Federal Excise Taxes

June 1, 1956

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Project Note No. 40

Executive Summary
The purpose of this study is to find a logical, permanent basis for Federal excise taxation. As will be shown in Chapter 11, the present system of Federal excises is to a large extent a result of various pressures on Congress, particularly of the emergency needs for revenue during the 1930’s, World War II, and the Korean War. Because they have been rather haphazardly selected, present excises involve discrimination among taxpayers and undesirable effects on economic activity.

To find a new basis for excise taxation requires first an examination of what has been done in the past, and second, an analysis of the proper role of excises in the Federal tax system. Chapter II contains an historical sketch of excise taxes from 1791 to the present. Chapter III contains an analysis of the various issues and considerations involved in excise tax policy; it is concluded that excises should play a more important role in the Federal tax system. In Chapter IV the characteristics of the present excise tax system are examined in some detail and its weaknesses are set out. In Chapter V the alternatives of an extension of the selective excise tax system vs. adoption of a general sales or excise tax are considered; three forms of the latter are compared—a retail sales tax, a manufacturers’ excise tax, and a value added tax.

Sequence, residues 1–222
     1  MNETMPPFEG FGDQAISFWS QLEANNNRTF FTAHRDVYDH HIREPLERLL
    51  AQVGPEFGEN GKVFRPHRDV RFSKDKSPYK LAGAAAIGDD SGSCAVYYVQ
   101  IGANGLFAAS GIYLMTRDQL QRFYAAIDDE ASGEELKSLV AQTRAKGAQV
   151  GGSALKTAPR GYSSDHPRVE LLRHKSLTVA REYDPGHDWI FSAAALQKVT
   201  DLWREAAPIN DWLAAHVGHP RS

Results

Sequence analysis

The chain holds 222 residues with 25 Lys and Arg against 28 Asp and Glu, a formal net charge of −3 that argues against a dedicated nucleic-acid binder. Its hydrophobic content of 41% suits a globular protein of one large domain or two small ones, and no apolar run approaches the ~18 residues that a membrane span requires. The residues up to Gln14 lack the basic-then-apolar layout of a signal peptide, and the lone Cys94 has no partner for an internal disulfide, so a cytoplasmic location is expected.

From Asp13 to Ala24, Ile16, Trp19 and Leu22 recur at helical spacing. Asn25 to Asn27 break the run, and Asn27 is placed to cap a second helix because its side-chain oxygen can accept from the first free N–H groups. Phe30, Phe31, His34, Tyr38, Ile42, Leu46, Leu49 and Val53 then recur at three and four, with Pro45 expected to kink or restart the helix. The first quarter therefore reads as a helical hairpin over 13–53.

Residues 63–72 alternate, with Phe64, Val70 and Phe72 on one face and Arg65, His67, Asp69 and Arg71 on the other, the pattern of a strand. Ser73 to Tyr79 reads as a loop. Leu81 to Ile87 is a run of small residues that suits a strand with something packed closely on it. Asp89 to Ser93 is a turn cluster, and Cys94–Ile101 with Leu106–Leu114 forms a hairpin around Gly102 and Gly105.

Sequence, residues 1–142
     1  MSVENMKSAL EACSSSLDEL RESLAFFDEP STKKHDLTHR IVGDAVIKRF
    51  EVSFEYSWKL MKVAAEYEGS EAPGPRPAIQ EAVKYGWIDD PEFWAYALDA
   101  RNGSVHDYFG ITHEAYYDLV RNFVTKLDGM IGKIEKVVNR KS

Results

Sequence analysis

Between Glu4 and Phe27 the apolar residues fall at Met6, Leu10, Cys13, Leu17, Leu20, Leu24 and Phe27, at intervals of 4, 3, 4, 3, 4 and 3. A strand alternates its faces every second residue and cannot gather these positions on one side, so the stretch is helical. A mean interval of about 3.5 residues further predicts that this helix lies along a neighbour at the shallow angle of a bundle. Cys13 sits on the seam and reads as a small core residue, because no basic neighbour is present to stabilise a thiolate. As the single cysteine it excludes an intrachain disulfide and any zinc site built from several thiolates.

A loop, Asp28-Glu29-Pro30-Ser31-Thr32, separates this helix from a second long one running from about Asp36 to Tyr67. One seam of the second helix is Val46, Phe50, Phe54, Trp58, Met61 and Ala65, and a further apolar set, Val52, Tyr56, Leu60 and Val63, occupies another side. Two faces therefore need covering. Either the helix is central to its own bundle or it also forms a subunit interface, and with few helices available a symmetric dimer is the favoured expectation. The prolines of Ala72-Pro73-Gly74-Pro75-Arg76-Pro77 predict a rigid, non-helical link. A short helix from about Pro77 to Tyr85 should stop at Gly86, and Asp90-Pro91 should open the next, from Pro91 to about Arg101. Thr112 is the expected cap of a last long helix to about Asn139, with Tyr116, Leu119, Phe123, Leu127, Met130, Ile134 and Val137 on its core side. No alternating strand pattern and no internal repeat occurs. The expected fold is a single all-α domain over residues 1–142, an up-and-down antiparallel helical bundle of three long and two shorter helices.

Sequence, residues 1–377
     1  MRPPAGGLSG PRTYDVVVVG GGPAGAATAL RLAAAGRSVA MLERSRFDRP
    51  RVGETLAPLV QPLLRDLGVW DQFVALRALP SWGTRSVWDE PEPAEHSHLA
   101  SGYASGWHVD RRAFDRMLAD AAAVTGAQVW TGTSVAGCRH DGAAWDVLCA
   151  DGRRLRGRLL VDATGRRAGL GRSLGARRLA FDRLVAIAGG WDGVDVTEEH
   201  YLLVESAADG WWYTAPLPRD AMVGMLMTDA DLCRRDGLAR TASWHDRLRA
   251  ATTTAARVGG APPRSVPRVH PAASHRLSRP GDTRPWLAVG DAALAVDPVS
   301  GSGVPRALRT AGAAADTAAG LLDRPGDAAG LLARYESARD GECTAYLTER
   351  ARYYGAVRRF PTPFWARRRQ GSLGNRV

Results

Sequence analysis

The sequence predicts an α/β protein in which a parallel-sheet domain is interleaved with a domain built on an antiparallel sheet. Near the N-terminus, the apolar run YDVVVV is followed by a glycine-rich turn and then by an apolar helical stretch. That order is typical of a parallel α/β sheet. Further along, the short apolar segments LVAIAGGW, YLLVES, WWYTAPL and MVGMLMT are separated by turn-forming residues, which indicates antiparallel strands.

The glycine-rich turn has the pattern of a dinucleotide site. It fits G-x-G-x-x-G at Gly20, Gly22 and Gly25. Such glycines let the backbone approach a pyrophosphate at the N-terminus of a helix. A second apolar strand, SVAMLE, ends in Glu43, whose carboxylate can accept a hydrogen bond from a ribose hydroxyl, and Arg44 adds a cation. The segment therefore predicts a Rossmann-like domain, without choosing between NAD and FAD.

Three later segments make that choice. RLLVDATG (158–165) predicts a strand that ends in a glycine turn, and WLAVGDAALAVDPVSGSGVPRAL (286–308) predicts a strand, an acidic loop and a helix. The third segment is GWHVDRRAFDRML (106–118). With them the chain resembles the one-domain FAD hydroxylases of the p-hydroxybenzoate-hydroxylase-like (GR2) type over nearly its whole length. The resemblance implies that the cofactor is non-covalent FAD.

Since this is a study of tax policy, little attention is given to technical and administrative problems. These problems have recently been studied in detail by a subcommittee of the House Ways and Means Committee. The subcommittee’s report contains recommendations for extensive technical changes in various excise taxes and in administrative and collection procedures.


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